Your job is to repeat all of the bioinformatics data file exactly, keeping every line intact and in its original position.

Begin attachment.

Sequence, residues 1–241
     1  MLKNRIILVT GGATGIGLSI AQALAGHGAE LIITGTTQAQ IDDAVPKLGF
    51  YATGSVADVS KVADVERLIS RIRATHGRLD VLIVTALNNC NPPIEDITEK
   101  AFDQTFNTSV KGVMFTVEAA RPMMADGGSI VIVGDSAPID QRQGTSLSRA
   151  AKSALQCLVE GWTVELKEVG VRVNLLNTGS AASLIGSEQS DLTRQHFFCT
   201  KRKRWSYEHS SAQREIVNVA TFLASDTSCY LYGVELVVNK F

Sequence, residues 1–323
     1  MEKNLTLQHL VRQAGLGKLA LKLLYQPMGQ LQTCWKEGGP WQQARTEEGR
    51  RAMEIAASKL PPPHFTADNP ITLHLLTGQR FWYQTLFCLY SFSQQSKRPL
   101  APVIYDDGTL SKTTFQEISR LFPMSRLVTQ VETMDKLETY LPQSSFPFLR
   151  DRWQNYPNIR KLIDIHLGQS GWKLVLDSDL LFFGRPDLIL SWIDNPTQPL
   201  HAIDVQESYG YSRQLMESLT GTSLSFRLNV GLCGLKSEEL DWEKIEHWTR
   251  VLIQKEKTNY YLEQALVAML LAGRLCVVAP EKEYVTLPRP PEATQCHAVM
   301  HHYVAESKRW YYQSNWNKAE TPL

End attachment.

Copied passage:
Sequence, residues 1–241
     1  MLKNRIILVT GGATGIGLSI AQALAGHGAE LIITGTTQAQ IDDAVPKLGF
    51  YATGSVADVS KVADVERLIS RIRATHGRLD VLIVTALNNC NPPIEDITEK
   101  AFDQTFNTSV KGVMFTVEAA RPMMADGGSI VIVGDSAPID QRQGTSLSRA
   151  AKSALQCLVE GWTVELKEVG VRVNLLNTGS AASLIGSEQS DLTRQHFFCT
   201  KRKRWSYEHS SAQREIVNVA TFLASDTSCY LYGVELVVNK F

Sequence, residues 1–323
     1  MEKNLTLQHL VRQAGLGKLA LKLLYQPMGQ LQTCWKEGGP WQQARTEEGR
    51  RAMEIAASKL PPPHFTADNP ITLHLLTGQR FWYQTLFCLY SFSQQSKRPL
   101  APVIYDDGTL SKTTFQEISR LFPMSRLVTQ VETMDKLETY LPQSSFPFLR
   151  DRWQNYPNIR KLIDIHLGQS GWKLVLDSDL LFFGRPDLIL SWIDNPTQPL
   201  HAIDVQESYG YSRQLMESLT GTSLSFRLNV GLCGLKSEEL DWEKIEHWTR
   251  VLIQKEKTNY YLEQALVAML LAGRLCVVAP EKEYVTLPRP PEATQCHAVM
   301  HHYVAESKRW YYQSNWNKAE TPL